Achieving full inclusion of individuals with disabilities in medicine will require that programs—across the continuum from premedical education to continuing medical education—take action to reduce structural barriers, improve their culture and climate toward disability, and provide training on the potential for reasonable accommodations (including technological advances) for all employees. Understanding both the benefits of and mechanisms for achieving meaningful inclusion of persons with disabilities is critical for accomplishing this goal.

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Emerging Access

Emerging and existing technology enable qualified learners to meet technical standards and seamlessly function in the clinical setting. Amplified and visual stethoscopes, standing wheelchairs, dictation and magnification software, automated CPR devices, and Communication Access Real-Time Translation are just a few of the technological developments that have allowed physicians and physicians-in-training who are deaf, who have spinal cord injuries, and who have visual disabilities to complete their medical education and thrive in practice. Additionally, intermediaries allow some physicians and trainees to perform in the clinical setting, using their knowledge of medicine to direct a trained medical professional to conduct procedures that, for reasons of their disability, they cannot perform individually. Intermediaries have, in fact, been successfully employed at a number of medical schools. Notably, alternative learning experiences are also available during residency; for example, qualified internal medicine residents can request accommodations, including waiving the necessary proficiency level for specific procedures, to complete their training programs.22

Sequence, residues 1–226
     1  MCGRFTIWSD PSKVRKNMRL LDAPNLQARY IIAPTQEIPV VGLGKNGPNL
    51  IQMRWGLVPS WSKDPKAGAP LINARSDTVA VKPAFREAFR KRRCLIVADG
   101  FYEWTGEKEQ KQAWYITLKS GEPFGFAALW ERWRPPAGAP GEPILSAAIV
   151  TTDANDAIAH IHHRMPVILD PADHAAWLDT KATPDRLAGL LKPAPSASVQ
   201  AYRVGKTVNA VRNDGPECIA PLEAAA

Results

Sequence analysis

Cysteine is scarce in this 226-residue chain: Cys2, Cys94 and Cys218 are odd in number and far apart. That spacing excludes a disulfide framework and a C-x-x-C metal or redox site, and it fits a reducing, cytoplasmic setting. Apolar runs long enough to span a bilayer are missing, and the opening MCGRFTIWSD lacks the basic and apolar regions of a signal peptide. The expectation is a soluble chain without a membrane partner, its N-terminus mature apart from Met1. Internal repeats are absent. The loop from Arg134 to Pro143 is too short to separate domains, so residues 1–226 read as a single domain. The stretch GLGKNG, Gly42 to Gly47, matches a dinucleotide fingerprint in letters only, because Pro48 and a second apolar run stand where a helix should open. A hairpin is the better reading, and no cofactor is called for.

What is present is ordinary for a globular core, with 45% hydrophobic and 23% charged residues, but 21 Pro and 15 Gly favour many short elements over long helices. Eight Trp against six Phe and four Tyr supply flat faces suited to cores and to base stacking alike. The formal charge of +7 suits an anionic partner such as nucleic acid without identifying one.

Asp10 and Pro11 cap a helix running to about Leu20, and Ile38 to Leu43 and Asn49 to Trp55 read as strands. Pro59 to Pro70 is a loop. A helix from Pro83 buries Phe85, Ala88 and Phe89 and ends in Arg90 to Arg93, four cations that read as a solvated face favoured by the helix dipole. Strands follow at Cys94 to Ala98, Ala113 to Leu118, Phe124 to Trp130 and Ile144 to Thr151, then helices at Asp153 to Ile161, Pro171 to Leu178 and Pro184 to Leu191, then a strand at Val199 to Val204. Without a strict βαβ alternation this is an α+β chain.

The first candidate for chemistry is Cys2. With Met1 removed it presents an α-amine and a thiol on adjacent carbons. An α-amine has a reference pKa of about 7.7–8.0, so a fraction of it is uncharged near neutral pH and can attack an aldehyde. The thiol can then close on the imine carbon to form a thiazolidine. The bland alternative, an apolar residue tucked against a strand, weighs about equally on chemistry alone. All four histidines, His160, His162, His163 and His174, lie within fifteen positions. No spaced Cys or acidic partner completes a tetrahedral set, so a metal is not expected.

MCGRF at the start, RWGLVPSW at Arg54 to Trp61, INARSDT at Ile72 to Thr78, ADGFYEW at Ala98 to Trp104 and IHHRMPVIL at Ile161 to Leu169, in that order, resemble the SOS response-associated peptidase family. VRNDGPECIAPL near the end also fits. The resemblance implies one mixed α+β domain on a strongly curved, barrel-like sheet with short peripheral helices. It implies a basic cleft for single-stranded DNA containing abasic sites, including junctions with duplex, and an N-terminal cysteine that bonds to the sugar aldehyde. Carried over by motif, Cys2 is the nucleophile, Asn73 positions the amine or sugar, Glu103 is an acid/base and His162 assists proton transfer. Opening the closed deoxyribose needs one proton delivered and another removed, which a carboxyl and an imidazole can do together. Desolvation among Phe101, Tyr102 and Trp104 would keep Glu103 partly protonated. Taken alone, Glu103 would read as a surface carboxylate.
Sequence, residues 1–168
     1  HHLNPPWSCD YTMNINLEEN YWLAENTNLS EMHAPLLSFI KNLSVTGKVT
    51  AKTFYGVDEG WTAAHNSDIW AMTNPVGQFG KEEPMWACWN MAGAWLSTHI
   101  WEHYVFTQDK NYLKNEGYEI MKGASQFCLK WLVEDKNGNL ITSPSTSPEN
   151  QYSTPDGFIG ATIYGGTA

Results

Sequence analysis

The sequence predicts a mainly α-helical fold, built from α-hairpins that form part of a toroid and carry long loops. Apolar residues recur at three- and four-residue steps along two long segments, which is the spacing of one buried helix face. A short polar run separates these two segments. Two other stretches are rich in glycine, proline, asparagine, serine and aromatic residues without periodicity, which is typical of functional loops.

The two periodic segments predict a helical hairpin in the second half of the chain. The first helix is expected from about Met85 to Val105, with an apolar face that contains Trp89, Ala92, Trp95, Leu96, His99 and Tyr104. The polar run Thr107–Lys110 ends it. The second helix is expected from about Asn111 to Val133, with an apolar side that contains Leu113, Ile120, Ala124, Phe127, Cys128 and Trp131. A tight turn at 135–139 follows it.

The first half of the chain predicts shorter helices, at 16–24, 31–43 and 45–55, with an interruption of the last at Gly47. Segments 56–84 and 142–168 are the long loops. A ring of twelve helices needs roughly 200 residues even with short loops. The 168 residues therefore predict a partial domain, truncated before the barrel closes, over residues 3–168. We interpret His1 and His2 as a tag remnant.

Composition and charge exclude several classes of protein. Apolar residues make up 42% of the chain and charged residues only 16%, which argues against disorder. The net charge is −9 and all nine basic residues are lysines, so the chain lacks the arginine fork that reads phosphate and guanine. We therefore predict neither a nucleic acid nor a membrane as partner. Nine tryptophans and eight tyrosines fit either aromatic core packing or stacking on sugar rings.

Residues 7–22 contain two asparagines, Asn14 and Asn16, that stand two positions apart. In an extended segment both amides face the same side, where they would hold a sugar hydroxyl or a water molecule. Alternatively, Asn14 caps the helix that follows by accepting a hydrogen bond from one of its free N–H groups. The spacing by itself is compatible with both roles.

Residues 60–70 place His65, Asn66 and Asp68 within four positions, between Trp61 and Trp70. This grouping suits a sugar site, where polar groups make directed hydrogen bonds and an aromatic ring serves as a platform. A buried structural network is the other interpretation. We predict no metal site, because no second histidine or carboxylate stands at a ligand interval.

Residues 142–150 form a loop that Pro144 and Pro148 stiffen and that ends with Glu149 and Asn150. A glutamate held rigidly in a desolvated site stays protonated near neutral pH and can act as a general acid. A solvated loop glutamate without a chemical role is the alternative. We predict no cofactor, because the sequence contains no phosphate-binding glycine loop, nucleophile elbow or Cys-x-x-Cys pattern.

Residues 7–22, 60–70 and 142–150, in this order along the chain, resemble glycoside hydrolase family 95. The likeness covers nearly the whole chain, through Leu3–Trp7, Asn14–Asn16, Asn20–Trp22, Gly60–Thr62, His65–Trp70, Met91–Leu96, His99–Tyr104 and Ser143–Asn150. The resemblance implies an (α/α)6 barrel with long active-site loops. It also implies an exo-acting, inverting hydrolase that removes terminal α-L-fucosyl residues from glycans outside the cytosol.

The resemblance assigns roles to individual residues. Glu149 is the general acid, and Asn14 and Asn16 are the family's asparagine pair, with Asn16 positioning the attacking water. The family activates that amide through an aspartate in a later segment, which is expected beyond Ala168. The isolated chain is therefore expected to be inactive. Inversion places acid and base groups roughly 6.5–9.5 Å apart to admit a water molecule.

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Determining “Qualified”

Existing and emerging technologies create access and encourage medical educators to think critically about what constitutes “qualified.” The current cadre of medical students, residents, and physicians includes individuals who are blind, who have limited mobility, who are triple amputees, who have dyslexia, who are on the autism spectrum, who have a traumatic brain injury, who use wheelchairs, and who are deaf. A learner’s ability to meet program requirements is multifactorial. Sometimes a person’s disability (e.g., being legally blind) precludes him/her from completing all the requirements of a particular rotation (e.g., surgery), but the school or program may decide to waive these if the rotation is not in the trainee’s intended specialty. Additionally, programs develop their own technical standards and may vary in their openness to certain accommodations. Requirements for graduation are also not uniform across programs. For example, the competency required to pass one program’s obstetrics clerkship—completing the delivery of a baby—may not be necessary at another school where the competency is to assist in a delivery. Another example is CPR. The ability to perform CPR is often a barrier for applicants with disabilities; however, some programs’ technical standards now state that applicants must be able to direct or perform CPR, a much broader requirement. These small adjustments to technical standards and competencies allow students with physical disabilities (including those with chronic illnesses), who may otherwise be deemed “unqualified,” to meet the requirements of their program. Each program’s leaders must determine what, if any, adjustments they are willing to make to the technical standards and competencies that would allow highly qualified medical trainees to graduate to the next level of training. Enlisting the assistance of a qualified individual with expertise in disability enables program leaders to navigate this process and conduct case-by-case reviews of requests for reasonable accommodations in line with ADA requirements.